I'll be clearing the garage these next few days to prepare for some delayed maintenance on the cars. I have some filters to replace on the Jetta, and a fuel line to repair as well. The Benz has a sagging backend that requires new "accumulators", and the rear driver-side door's "check" is broken. Once I've done all that, the bus work resumes. I have located a rear heater from a vanagon that should work. I'll be picking that up tomorrow. If the price is right, I may buy 4 rims too. If nothing else, this snow has reminded me the importance of being prepared. Those rims will have studded snows mounted on them before the first Winter Hapy can drive. Then, if an ice storm hits, or we get 8 inches of freak snow, I can be ready to roll in 15 minutes.
Regardless, the water/coolant system is next. I'll post something in a few days.
Monday, December 29, 2008
Thursday, December 4, 2008
Simply put, the ALH TDI engine from a 1998 VW New Beetle is in. Once the hole was cut, it was a matter of jacking it up into the air, and hooking it up. I'll give greater detail below, but this was a huge "diamond" on the project plan. Now that the engine and bus are a single unit, I can roll the bus into the garage for the Winter. I need to re-assess what I'm going to do next, but the huge blocking task has been completed.
So, how'd I do it?
Because I haven't built a wooden jack adapter yet, it wasn't as easy as the next and all future ones will be. I tilted the engine as much as I safely could with stacked 2x4's on the ATV jack arms, but I couldn't get it all the way to 15*. So, I put a 2-ton rolling jack under the front (front is front) of the transaxle and the ATV jack is working the engine. I slowly jacked up the unit to just under the rear transaxle mounts. At this point, the lack of a hole was previously getting in the way. Now that there's a huge opening, I was able to get the engine that little bit higher. To be fair, the barrier wasa a support beam running under the ceiling, not the ceiling itself. I probably could have made the engine fit just by removingthe beam (in retrospect). Regardless, it would have made the rest of these efforts much more difficult had the ceiling remained.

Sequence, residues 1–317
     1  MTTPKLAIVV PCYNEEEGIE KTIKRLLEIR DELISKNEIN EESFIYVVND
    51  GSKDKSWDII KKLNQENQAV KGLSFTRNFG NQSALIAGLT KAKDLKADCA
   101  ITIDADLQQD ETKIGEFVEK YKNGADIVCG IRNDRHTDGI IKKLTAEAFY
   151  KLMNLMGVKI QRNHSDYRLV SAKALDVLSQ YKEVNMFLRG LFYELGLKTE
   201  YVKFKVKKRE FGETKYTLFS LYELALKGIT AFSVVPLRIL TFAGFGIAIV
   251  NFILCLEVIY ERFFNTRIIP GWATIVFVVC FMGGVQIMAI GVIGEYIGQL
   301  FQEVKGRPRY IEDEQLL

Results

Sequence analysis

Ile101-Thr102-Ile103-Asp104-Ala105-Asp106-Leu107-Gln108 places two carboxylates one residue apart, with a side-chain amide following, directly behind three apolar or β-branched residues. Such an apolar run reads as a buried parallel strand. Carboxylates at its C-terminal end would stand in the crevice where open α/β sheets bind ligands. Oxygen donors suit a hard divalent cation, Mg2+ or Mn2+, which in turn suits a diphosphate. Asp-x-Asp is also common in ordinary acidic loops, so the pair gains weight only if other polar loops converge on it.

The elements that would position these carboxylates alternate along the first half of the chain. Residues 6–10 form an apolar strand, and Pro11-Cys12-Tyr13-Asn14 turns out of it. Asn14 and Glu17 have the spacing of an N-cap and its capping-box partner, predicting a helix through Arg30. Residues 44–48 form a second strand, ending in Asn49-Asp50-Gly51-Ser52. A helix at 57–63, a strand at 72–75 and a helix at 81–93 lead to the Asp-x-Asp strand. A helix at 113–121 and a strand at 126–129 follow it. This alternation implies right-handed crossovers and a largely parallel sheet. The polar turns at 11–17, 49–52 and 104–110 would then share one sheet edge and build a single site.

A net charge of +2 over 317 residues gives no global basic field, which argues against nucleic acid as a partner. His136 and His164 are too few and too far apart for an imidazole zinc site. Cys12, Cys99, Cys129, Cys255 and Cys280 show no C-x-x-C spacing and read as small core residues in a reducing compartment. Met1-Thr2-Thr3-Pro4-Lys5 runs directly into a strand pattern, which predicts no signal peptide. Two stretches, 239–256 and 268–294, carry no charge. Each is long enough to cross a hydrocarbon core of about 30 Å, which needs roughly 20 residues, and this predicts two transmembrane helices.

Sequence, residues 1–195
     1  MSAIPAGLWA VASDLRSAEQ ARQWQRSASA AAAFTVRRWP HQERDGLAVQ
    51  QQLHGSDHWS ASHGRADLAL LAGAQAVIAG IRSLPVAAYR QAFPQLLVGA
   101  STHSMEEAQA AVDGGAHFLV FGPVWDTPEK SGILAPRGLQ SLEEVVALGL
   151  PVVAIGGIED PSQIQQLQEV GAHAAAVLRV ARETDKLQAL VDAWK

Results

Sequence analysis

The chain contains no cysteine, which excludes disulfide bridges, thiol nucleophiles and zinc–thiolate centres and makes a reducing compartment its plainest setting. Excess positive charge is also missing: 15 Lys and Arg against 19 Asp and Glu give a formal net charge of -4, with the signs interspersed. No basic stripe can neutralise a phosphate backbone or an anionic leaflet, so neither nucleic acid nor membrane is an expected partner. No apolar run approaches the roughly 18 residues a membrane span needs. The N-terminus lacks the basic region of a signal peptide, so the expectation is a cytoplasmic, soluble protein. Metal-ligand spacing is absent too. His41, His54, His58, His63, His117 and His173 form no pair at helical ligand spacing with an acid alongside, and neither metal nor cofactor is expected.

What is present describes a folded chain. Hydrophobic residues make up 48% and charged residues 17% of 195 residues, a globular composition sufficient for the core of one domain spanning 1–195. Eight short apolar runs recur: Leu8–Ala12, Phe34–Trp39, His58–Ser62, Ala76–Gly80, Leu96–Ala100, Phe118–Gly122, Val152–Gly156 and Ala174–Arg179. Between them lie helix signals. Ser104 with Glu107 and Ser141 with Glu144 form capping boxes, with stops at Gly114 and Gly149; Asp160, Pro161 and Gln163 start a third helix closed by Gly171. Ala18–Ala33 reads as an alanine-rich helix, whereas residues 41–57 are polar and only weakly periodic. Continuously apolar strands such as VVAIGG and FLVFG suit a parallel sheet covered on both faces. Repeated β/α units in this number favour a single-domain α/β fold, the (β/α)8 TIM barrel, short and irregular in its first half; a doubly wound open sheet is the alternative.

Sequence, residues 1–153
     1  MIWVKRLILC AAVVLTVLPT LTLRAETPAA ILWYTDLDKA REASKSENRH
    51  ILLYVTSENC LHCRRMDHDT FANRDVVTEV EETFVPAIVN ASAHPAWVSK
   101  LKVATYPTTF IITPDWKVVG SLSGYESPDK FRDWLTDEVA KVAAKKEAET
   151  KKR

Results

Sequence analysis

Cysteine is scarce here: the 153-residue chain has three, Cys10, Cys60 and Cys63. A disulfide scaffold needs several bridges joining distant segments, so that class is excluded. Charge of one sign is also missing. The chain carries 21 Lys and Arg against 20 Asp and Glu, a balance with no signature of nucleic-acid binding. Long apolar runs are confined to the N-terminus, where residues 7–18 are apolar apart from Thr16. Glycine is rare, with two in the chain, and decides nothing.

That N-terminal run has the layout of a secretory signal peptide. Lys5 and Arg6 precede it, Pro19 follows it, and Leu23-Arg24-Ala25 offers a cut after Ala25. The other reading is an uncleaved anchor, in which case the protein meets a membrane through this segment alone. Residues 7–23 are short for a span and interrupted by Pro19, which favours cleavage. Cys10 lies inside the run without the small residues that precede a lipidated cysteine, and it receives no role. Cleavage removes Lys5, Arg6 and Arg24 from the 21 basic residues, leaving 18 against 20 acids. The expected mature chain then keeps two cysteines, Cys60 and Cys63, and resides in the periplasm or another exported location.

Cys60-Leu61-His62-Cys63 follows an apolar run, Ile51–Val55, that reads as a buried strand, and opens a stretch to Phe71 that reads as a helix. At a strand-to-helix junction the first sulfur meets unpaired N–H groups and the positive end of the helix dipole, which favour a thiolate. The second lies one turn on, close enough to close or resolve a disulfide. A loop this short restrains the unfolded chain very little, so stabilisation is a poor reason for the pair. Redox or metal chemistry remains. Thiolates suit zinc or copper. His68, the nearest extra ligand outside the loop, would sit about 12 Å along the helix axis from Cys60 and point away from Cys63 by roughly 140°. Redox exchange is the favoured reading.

Between shoving and manipulating the angle of the engine/transaxle unit with the jacks, I was able to slide the left (driver's) side bolt through. Much more angle playing, and I was finally able to thread the bolt through the mount-nut on the rear side of the mount.
Next, I switched around the ATV jack a little bit by lifting the engine (with my hands/arms) and moving the jack with my foot. This would have been a great time for a neighbor to stop by to ask what I was up to. No such luck. So, with a little good fortune, I was able to get the engine cranking back up again. With the right side rising, the left was relatively still, but I was losing control of the pitch. The front of the transaxle was getting far too high, so I couldn't slide the bolt through. New tack: lower the engine a little bit until I can attach the transaxle front mount. I connected it loosely - enough to hold the transaxle level, but it still allowed movement. Then, I moved the jack again, this time so that as I cranked it up, it would move with the rotation a little better (jack was parallel with the rear bumper). Upwent the engine right into the mount. I was able to thread the second bolt pretty easily after that.
So, now the engine is in. I lowered the jacks and danced around my driveway. By now, it had gotten dark, but I was able to snap a few pictures with flashlights, cliplights and dwindling daylight. I need a rear engine mount still, but I can do that on my schedule. In the meantime, I can focus on detailing the next steps and determine the order based on interest, desire and dependence instead of what needs to be done because the bus is sitting in the driveway.